As far as televisions, what Anthem lacks in number it makes up for in size. The mid-size bar makes room for four 60-inch TVs and two projection screens that measure 150 and 190 inches. Patrons can check the online schedule to see what’ll be airing, and upon arriving can order retro-inspired menu items such as Schlitz and a Velveeta-stuffed burger.
Given its name and location kitty-corner to Wrigley Field, it’s no secret that the Cubby Bear bleeds red and blue. But when Cubs fans aren’t swarming the labyrinthine 30,000 square-foot bar equipped with 75 plasma screens, patrons may be surprised to realize the Wrigleyville institution is also a proud supporter of Arizona State and Cleveland Browns football.
Sox fans without tickets can come to Cork & Kerry at the Park and get a game-day-inspired experience: large windows frame views of the Cell as patrons peruse a menu designed to look like a lineup card. The menu pits regular fare such as burgers and sandwiches against meals inspired by that day’s opponents, such as crab cakes when Baltimore’s in town.
In keeping with the spirit of the Wrigley Field rooftops, Sports Corner’s expansive two-floor space (outfitted with 27 huge flat-screens for the many Cubs fans that flood it during summers) is capped by a rooftop patio. The patio was part of a full renovation in 2010, after which two superfans found the bar elegant enough to be their wedding venue.
As its name suggests, the Globe is a home for fans of international sports; televisions play everything from soccer to rugby to Australian-rules football. Because the owners make an effort to include FIFA, MLS, CONCACAF, CL, and MCFC games, they keep fans in the know by sharing a schedule of their upcoming broadcasts.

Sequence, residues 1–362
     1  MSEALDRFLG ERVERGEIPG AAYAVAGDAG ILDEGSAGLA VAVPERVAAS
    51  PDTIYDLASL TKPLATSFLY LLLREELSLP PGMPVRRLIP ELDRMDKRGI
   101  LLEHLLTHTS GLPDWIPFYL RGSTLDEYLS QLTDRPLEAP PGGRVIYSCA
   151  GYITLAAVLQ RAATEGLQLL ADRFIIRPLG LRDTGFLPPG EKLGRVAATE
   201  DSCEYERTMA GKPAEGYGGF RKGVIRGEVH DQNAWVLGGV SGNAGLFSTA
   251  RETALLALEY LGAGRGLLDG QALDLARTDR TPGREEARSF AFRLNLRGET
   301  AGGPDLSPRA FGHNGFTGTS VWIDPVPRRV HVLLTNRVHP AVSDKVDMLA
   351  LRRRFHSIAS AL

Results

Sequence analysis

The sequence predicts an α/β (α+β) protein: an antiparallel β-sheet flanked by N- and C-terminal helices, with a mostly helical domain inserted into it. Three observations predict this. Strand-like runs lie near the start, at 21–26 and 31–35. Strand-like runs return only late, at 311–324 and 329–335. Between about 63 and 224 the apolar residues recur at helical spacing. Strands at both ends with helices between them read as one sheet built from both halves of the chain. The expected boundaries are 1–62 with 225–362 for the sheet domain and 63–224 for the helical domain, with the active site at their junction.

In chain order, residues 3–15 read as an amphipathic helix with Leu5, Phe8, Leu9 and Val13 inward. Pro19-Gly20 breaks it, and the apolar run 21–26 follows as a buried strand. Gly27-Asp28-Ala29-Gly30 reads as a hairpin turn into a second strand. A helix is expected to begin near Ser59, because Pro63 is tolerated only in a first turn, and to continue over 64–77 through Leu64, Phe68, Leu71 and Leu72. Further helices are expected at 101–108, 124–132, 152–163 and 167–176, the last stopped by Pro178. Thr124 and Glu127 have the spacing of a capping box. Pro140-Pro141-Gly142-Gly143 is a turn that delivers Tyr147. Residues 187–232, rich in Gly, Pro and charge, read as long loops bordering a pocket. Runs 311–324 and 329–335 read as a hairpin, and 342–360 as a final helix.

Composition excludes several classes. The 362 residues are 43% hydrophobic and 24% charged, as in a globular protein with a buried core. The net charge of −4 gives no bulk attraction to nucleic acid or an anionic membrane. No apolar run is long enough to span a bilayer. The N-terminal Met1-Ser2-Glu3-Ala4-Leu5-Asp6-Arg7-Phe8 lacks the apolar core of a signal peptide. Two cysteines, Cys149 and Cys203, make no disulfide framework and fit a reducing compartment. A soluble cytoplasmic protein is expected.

Practically within slapshot-range of the Madhouse on Madison, WestEnd touts itself as an official partner of the Blackhawks. Patrons can perch around the U-shaped bar or a high-top table until it’s time to board the free shuttle to the United Center, or hunker down in a leather booth to watch the game on one of 33 plasma-screen televisions.
SmallBar’s love for soccer is serious: in the summer of 2012, they devoted nearly a month to showing all 31 games of the Euro Cup. In that spirit, their deep roster of international beers includes fan favorites such as Carlsberg and Krombacher.
Joe’s loyalties are extensive: they welcome alumni for Illini, Bruins, Hoosiers, and Bulldogs games, as well as Steelers fans. They easily entertain everybody at once with a 20,000 square-foot space that boasts 110 plasma TVs, 14 satellites, and a few high-definition projection screens. Beat the crowds by requesting a table reservation for specific games.
With a name that pays double homage to its proximity to the financial district and two iconic Chicago sports franchises, Bull & Bear is an ideal place for the downtown set to jet to after work and catch tip-off or a Monday-night kick-off. To save even more time, patrons can grab one of five booths equipped with tabletop beer taps.
For more than 70 years, Murphy’s has sat in the shadow of Wrigley Field, making it a perennial home base for Cubs fans. The open-air interior and outdoor patios keep things breezy even when the place is mobbed, and during the off-season, the crowd thins out enough that patrons will notice an impressive collection of memorabilia that includes vintage photos and autographed jerseys.
Deal or no deal, our editors strongly recommend these businesses based on their reputation, popularity, and quality of service.